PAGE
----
rebecca orangeby Rebecca Katz, Commonweal Healing Kitchens Institute Director

Some people live to eat. But we all eat to live. Now, science is showing us that what we eat may affect how cancer behaves in our bodies.

Believe it or not, most doctors aren’t aware of this new emerging science, let alone how it is translated to the plate. They also have never experienced what most cancer patients have: transient taste changes and a total disconnection from the very food they need to help them survive and thrive through their cancer treatments.

To remedy this, the Healing Kitchens Institute, in partnership with Dr. Fredi Kronenberg, recently completed the second phase of Harnessing the Power of Food, a series of seminars at Stanford University Hospital that is part of Stanford’s Food and Health Initiative.

Our challenge was to convince a room full of scientists, oncologists, nurses, and registered dieticians of the important role food plays in helping people navigate through cancer treatment. While the science is clinically relevant, we knew that we needed to push past their minds and reach them through their taste buds.

It All Started with A Raisin

Each participant was given a raisin. They chewed it and experienced its delicious sweetness. Then they chewed a little herb, Gymnema sylvestre, which suppresses the sensation of sweet. And then they ate another raisin. Faces puckered. There was total confusion. We asked them, “How many people think the raisin tastes different now? How many think it tastes worse (bitter, metallic, weird)?” Eight-five “light bulbs” went off in the room. That’s when we announced, “Welcome to your cancer patient’s mouth during chemotherapy.”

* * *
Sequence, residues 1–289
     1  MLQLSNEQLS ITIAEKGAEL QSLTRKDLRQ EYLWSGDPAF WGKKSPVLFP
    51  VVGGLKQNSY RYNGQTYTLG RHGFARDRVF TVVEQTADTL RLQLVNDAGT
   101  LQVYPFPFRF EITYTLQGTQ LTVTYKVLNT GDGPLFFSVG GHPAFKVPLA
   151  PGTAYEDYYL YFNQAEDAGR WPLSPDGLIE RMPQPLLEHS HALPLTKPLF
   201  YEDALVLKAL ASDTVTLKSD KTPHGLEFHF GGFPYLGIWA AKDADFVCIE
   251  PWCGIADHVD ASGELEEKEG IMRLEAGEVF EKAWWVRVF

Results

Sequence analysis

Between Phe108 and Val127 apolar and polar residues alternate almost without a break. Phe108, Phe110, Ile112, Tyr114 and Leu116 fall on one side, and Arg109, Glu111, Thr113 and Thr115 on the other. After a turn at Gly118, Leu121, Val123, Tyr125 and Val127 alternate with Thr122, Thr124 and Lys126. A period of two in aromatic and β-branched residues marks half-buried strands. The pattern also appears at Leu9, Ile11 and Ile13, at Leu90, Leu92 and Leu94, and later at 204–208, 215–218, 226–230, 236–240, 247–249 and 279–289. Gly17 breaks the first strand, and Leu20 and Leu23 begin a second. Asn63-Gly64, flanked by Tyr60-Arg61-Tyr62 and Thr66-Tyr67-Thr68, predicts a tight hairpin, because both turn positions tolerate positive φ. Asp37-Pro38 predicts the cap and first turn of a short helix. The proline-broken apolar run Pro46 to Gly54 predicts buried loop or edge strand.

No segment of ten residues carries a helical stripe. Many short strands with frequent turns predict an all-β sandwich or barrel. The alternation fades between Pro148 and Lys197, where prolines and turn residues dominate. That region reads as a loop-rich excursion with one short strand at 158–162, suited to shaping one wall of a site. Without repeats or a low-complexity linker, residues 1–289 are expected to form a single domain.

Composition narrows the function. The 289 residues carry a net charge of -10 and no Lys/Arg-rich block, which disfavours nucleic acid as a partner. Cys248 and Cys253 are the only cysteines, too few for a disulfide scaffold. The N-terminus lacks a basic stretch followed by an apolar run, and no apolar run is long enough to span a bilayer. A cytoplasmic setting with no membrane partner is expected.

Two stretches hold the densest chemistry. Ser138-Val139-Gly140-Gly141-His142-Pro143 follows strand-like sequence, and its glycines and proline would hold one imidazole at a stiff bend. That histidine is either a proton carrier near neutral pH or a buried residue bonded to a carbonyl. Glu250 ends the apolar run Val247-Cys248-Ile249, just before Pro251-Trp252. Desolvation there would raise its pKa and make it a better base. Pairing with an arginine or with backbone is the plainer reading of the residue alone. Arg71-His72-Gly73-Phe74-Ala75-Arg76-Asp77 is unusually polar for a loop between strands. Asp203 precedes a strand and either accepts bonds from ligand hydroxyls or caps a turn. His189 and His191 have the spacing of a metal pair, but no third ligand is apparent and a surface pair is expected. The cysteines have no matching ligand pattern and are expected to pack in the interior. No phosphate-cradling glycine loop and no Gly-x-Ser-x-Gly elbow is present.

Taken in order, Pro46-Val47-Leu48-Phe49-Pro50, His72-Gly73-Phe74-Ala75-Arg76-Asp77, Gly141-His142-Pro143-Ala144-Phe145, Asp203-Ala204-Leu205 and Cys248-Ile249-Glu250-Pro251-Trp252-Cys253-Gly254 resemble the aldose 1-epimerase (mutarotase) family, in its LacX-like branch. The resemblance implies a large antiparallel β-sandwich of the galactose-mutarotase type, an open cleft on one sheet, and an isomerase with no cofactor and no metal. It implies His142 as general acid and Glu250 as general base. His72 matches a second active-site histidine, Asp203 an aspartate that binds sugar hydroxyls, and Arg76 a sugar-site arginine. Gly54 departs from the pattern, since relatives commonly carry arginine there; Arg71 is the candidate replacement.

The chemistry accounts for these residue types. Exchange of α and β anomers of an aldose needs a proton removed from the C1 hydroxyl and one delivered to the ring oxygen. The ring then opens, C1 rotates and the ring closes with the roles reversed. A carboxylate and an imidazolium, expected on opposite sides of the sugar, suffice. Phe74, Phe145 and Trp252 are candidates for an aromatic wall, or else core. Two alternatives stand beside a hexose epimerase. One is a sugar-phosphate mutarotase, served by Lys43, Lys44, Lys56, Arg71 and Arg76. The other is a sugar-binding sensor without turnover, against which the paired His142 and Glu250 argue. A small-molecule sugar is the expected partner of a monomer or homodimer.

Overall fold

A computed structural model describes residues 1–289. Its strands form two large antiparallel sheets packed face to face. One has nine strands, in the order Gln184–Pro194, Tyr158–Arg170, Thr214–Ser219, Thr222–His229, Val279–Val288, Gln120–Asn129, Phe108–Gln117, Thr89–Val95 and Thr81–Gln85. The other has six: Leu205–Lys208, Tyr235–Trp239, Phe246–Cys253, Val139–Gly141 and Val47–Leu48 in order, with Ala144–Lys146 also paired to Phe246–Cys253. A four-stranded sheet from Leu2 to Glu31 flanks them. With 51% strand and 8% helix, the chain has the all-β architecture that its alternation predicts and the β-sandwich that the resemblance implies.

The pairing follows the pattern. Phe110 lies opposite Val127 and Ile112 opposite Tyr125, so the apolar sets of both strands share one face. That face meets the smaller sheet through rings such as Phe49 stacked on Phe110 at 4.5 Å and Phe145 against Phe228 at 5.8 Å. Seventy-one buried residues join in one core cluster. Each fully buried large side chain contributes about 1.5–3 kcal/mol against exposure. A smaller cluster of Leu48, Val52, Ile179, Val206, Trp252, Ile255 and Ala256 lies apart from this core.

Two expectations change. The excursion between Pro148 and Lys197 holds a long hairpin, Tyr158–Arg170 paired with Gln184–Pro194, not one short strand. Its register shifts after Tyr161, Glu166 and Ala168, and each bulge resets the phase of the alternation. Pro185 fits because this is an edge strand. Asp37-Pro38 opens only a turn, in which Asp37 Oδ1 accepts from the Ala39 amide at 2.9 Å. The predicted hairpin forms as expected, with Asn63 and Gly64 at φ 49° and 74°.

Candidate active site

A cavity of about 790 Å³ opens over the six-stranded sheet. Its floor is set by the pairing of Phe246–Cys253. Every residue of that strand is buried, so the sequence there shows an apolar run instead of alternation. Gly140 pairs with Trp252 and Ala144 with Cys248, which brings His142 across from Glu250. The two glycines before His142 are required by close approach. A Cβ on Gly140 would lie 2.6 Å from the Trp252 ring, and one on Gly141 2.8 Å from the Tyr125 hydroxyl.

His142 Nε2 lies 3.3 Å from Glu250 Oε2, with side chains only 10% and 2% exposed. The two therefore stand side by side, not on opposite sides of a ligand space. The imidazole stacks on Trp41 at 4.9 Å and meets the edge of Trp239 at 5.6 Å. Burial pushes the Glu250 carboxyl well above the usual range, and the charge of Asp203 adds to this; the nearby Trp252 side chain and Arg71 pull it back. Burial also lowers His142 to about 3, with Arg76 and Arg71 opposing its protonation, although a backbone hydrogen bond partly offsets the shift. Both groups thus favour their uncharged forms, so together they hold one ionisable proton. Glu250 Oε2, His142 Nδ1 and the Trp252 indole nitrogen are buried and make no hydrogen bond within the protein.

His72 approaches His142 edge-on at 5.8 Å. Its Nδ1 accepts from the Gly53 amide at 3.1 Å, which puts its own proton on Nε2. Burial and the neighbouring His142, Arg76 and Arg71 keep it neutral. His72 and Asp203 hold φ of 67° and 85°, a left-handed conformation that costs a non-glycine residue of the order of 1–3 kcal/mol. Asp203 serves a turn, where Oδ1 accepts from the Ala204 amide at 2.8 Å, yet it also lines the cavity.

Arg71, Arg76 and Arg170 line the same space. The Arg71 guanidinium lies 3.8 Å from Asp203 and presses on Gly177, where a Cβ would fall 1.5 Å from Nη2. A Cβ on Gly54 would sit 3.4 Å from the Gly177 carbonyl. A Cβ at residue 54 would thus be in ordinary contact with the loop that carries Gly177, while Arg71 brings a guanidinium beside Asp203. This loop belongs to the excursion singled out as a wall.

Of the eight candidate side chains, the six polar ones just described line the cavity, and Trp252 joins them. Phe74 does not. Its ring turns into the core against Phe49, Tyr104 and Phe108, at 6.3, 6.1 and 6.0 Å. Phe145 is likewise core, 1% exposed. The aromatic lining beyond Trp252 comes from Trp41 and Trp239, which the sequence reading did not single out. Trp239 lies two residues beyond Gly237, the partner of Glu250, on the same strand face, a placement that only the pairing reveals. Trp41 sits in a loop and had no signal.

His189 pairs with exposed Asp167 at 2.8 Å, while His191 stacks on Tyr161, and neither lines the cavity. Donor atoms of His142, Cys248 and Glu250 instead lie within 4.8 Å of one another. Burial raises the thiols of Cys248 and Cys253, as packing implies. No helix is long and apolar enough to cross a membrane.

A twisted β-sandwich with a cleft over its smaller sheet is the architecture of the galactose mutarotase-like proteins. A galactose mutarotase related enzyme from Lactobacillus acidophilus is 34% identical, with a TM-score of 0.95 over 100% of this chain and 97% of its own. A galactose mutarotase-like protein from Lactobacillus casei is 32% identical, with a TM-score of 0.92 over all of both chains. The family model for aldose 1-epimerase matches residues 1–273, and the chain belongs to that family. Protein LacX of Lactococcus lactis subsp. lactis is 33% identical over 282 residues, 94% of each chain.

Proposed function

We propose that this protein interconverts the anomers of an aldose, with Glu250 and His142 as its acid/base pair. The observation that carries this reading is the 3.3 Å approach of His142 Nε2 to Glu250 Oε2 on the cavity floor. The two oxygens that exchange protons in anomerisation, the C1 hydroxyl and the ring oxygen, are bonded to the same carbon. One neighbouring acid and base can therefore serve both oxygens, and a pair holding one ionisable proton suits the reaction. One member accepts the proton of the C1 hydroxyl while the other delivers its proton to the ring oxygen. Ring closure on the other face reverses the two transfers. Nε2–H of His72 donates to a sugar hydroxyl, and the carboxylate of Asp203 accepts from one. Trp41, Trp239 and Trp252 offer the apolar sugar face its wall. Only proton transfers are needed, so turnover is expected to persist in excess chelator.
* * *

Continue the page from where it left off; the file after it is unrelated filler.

We followed this jaw-dropping experience with information about how to fix repulsive tastes through culinary alchemy. We use FASS fixes (fat, acid, salt, sweet) to make food palatable to those who would otherwise push plates away. Shifting the way patients approach food and sustainable nourishment will require informed medical professionals who feel comfortable providing guidance.

Judging from the positive reception of these seminars, doctors are hungry for this knowledge. Post surveys revealed that 90% of the 150 physicians who have attended would apply what they learned in clinical practice. Clearly, the seeds have been planted in the Stanford medical cancer community. We are committed to nurturing these seeds and planting more as this project grows.

The Food and Health Initiative of the Stanford Food Summit is led by Fredi Kronenberg, PhD, Stanford University School of Medicine, Dept. of Anesthesia. Dr. Kronenberg is a physiologist with a particular focus on herbal and nutritional approaches to optimizing women’s health. She conducted research for more than 25 years at Columbia University’s College of Physicians and Surgeons as Professor of Clinical Physiology, and was founding director of the Richard and Hinda Rosenthal Center for Complementary and Alternative Medicine at Columbia.